Transparency in Ajax Applications - Part 2/Page 2
Transparency in Ajax Applications - Part 2
Overly Granular Server API
The lack of proper authorization in the previous section is really just a specific case of a much broader and more dangerous problem: the overly granular server API. This problem occurs when programmers expose a server API and assume that the only consumers of that API will be the pages of their applications and that those pages will always use that API in exactly the way that the programmers intended. The truth is, an attacker can easily manipulate the intended control flow of any client-side script code. Let's revisit the online music store example from Chapter 1, "Introduction to Ajax Security."
We will start with the debugger Firebug for Firefox. Firebug will display the raw HTML, DOM object values, and any currently loaded script source code for the current page. It will also allow the user to place breakpoints on lines of script, as we do in Figure 6-9.
You can see that a breakpoint has been hit just before the call to the
checkCredentials function. Let's step over this line, allow the client to call
checkCredentials, and examine the return value (see Figure 6-10).
Figure 6-10 Examining the return value from checkCredentials
Unfortunately, the username and password we provided do not appear to be valid. The value of the
authenticated variable as returned from
checkCredentials is false, and if we allow execution of this code to proceed as-is, the page will alert us that the credentials are invalid and then exit the
purchaseSong function. However, as a hacker, this does us absolutely no good. Before we proceed, let's use Firebug to alter the value of
authenticated from false to true, as we have done in Figure 6-11.
By editing the value of the variable, we have modified the intended flow of the application. If we were to let the code continue execution at this point, it would assume (incorrectly) that we have a valid username and password, and proceed to retrieve the price of the selected song. However, while we have the black hat on, why should we stop at just bypassing authentication? We can use this exact same technique to modify the returned value of the song price, from $.99 to $.01 or free. Or, we could cut out the middleman and just use the Console window in Firebug to call the
downloadSong function directly.
Figure 6-11 The attacker has modified the value of the authenticated variable from false to true.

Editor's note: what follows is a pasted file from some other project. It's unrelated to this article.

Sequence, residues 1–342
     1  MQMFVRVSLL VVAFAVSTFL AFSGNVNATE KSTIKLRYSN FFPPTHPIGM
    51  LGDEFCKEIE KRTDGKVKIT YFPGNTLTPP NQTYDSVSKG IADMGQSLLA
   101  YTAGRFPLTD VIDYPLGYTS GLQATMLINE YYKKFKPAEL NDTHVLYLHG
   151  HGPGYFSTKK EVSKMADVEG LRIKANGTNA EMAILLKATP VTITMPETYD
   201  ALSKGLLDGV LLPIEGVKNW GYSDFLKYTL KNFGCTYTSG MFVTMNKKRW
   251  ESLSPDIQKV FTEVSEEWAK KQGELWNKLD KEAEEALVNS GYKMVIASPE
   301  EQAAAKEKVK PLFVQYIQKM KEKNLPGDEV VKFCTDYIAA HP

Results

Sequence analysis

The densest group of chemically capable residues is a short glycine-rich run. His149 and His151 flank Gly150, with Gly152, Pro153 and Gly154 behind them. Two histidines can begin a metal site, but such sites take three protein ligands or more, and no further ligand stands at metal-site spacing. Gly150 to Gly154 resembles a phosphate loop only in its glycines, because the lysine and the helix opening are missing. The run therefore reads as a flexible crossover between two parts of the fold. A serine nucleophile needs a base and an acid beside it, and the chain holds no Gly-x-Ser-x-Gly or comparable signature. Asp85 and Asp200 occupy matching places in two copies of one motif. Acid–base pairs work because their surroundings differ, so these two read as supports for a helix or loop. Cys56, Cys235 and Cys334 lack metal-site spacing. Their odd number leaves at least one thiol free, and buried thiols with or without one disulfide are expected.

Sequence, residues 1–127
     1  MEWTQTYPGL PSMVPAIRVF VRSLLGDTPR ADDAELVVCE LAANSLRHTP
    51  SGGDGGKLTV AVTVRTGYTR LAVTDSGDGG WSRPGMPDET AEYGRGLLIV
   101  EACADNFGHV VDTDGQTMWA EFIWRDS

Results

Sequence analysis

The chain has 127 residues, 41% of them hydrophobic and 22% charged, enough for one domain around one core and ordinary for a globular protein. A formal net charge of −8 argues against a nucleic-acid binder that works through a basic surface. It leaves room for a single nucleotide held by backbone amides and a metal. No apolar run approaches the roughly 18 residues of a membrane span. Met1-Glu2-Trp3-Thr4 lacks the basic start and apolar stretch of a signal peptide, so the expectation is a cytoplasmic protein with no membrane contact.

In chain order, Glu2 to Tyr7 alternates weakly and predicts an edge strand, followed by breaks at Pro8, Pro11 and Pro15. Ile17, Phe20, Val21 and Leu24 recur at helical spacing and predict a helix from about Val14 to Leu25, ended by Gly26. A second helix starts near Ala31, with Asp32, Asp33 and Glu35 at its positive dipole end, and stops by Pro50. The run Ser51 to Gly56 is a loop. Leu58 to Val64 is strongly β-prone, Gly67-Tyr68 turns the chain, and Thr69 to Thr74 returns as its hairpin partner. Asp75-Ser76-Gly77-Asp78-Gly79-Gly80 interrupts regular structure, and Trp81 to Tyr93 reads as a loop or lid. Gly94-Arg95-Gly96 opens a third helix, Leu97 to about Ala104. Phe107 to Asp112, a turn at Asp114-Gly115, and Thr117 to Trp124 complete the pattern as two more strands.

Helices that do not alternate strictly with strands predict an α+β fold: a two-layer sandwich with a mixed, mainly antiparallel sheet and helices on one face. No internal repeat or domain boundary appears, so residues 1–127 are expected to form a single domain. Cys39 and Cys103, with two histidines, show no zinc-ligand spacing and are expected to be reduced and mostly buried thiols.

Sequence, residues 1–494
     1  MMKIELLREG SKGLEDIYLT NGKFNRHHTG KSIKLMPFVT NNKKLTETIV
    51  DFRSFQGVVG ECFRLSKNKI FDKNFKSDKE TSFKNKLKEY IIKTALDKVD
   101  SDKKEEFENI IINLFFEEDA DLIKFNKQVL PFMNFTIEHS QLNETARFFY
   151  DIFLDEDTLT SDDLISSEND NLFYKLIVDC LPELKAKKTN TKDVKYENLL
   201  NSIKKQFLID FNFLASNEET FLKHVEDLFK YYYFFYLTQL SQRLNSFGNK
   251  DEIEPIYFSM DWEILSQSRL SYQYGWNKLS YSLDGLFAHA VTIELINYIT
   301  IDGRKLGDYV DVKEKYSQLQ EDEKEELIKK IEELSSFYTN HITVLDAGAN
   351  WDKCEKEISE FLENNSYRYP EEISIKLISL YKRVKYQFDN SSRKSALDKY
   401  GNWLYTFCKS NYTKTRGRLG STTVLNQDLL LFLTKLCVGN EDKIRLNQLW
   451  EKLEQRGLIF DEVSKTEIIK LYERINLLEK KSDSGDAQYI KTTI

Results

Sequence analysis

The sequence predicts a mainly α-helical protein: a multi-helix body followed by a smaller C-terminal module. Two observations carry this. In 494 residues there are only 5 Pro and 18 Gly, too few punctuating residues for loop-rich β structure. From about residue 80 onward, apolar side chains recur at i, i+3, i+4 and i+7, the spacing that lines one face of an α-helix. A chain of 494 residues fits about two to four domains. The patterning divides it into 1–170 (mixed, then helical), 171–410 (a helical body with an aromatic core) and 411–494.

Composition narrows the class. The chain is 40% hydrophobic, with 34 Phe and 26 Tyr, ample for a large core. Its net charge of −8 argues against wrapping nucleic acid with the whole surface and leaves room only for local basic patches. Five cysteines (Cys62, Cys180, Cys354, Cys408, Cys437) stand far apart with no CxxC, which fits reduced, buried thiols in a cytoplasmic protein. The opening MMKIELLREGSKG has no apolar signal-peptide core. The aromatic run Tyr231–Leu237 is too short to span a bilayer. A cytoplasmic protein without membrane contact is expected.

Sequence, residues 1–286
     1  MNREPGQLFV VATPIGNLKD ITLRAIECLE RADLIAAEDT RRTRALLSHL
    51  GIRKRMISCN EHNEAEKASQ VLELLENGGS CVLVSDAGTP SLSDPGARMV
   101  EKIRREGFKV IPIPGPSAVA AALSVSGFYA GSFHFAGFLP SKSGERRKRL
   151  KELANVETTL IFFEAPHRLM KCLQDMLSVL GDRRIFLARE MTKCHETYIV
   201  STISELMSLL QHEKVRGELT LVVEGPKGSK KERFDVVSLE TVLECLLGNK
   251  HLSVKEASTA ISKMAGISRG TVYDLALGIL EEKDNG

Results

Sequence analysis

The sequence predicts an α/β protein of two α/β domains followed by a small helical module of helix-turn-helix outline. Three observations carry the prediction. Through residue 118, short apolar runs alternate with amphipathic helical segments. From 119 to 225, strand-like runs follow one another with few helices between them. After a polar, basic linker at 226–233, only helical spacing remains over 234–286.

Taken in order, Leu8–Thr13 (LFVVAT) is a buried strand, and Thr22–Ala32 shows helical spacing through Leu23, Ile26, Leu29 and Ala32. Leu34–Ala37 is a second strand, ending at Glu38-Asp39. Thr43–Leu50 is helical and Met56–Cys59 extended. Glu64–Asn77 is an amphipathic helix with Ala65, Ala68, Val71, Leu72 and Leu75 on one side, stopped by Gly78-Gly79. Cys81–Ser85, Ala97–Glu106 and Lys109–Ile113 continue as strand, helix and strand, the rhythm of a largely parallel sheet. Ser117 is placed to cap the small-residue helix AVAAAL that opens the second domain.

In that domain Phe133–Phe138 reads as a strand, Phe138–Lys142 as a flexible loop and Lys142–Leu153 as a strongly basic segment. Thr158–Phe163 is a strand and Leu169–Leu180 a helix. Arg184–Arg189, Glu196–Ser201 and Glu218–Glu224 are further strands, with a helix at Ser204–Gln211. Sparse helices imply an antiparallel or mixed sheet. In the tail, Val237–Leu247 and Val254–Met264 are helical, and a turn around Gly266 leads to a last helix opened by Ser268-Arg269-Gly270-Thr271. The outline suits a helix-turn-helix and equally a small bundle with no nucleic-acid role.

In this example, all of the required steps of the transaction—checking the user's credentials, ensuring that she had enough money in her account, debiting the account, and downloading the song—should have been encapsulated as one single public function. Instead of exposing all of these steps as individual methods in the server API, the programmers should have written a single
purchaseSong method that would execute on the server and enforce the individual steps to be called in the correct order with the correct parameter values. The exposure of overly-granular server APIs is one of the most critical security issues facing Ajax applications today. It bears repeating: Never assume that client-side code will be executed the way you intend—or even that it will be executed at all.
The issue of inappropriately storing session state on the client is nothing new. One of the most infamous security vulnerabilities of all time is the client-side pricing vulnerability. Client-side pricing vulnerabilities occur when applications store item prices in a client-side state mechanism, such as a hidden form field or a cookie, rather than in server-side state. The problem with client-side state mechanisms is that they rely on the user to return the state to the server without tampering with it. Of course, trusting a user to hold data as tantalizing as item prices without tampering with it is like trusting a fiveyear-old to hold an ice cream cone without tasting it. When users are capable of deciding how much they want to pay for items, you can be certain that free is going to be a popular choice.
For example, suppose that the server exposes an
AddItem function to add an item to the shopping cart and a second function,
CheckOut, to check out. This is a well-defined API in terms of granularity, but if the application relies on the client-side code to keep a running total of the shopping cart price, and that running total is passed to the CheckOut function, then the application is vulnerable to a client-side pricing attack.